MPs have blasted rail bosses following a series of budget overspends and delays to major infrastructure projects including the Midland Main Line.
The Public Accounts Committee last week published a report into Network Rail’s current five-year investment programme, which has highlighted severe planning and budgeting failures.
The £1.1billion electrification of the Midland Main Line was ‘paused’ by Network Rail earlier this year, prompting East Midlands Chamber, the region’s Local Enterprise Partnerships and their public sector partners to lobby the Department of Transport to reverse the decision.
In September, Transport Secretary Patrick McLoughlin proposed that line speed and capacity improvement works already underway for the Midland Main Line be extended, with electrification of the line north of Bedford to Kettering and Corby by 2019.
However, the line north of Kettering would not be completed until 2023. The works would see faster rail journeys from Sheffield to Bedford on a route which passes through the East Midlands.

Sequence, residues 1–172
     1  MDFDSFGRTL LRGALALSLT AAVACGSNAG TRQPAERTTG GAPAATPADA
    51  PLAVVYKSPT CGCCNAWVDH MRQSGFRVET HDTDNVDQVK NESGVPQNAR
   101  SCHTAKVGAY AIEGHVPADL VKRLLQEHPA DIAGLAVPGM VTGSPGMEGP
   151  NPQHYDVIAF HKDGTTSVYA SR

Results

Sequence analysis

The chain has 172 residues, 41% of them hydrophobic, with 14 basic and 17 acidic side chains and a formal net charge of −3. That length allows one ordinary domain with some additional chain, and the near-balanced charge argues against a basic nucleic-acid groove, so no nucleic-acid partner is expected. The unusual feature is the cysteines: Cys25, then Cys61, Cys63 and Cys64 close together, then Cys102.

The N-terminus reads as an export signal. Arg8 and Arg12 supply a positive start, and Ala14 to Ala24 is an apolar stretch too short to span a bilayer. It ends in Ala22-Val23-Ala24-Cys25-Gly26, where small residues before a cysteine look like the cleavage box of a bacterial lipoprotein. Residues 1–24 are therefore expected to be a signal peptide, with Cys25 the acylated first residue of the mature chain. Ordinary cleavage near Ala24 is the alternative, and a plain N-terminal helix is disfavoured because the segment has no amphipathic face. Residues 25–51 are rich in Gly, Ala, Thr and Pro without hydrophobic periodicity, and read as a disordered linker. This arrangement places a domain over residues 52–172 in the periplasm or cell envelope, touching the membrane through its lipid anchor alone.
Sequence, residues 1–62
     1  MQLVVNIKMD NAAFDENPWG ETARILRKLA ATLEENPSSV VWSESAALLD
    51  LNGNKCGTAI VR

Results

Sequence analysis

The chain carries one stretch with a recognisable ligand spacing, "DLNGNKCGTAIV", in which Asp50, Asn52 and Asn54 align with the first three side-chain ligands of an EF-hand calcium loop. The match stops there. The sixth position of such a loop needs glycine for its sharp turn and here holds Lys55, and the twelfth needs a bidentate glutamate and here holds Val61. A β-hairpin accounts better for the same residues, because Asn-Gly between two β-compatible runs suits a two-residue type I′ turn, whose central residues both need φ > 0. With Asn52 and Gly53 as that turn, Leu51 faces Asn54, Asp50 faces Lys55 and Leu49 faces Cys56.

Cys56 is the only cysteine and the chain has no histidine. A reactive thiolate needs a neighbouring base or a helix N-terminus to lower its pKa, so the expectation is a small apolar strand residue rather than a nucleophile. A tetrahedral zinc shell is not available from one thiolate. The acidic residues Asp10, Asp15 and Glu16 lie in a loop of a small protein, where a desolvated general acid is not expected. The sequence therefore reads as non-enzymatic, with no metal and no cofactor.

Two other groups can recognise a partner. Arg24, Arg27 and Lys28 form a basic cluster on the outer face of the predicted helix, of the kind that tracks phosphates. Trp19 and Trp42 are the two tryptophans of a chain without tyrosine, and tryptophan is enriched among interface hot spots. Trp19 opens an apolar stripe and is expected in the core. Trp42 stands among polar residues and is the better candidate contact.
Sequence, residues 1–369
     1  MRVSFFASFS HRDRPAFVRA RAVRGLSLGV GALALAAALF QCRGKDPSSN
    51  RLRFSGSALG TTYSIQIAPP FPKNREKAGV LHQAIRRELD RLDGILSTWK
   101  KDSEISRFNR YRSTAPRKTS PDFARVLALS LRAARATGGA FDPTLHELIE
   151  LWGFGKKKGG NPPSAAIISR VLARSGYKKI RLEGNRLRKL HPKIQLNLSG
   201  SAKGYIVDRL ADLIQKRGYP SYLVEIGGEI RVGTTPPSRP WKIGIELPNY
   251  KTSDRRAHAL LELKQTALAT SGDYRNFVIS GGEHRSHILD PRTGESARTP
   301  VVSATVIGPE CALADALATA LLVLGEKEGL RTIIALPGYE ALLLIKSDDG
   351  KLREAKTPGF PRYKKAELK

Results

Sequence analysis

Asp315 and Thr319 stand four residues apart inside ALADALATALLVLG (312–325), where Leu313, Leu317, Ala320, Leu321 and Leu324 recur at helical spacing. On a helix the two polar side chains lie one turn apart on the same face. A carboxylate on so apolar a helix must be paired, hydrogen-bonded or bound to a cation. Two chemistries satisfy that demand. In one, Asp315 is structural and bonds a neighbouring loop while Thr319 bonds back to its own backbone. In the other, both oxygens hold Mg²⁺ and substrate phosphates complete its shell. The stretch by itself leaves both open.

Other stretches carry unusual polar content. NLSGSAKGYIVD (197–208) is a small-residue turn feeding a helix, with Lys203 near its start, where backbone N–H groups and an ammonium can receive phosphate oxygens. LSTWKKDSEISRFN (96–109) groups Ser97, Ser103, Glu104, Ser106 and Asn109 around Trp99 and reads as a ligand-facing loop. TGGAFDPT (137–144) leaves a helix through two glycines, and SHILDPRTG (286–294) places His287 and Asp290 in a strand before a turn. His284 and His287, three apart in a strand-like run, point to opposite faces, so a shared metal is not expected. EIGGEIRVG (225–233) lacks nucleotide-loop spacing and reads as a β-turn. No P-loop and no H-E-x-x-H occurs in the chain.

The report says there is still “far too much uncertainty” on costs and eventual delivery dates for the electrification of Midlands Main Line and the TransPennine route and warns that more projects could be delayed in order to balance Network Rail’s budget.
It also highlights “staggering and unacceptable” cost increases in the project to electrify the Great Western Main Line from London to Cardiff, which is now expected to cost up to £1.2bn more than its initial £1.6bn budget.
The committee has called for a fundamental review of the regulator’s role and effectiveness in planning rail infrastructure.
It has also urged the Government to publish a revised and recosted programme of electrification improvements, including the rationale for prioritising different schemes.
Scott Knowles, chief executive of East Midlands Chamber, said: “While the decision to ‘unpause’ the electrification of the Midland Main Line was extremely welcome, the chamber remains disappointed that it will now not be fully completed until 2023, which is, in effect, a four-year delay in the project.
“The electrification of the Midlands Main Line is critical to the delivery of a modern, cost effective and reliable transport system serving the economy of the East Midlands.
“The chamber echoes the Public Accounts Committee’s call for Government to publish a revised and recosted programme of investment in electrification, along with a firm timetable for its delivery.
“It is important for business to have this certainty and that there are no further delays to a project which is a key part of the infrastructure needed to drive forward the Government’s ambition to make the Midlands the ‘UK’s Engine for Growth’.”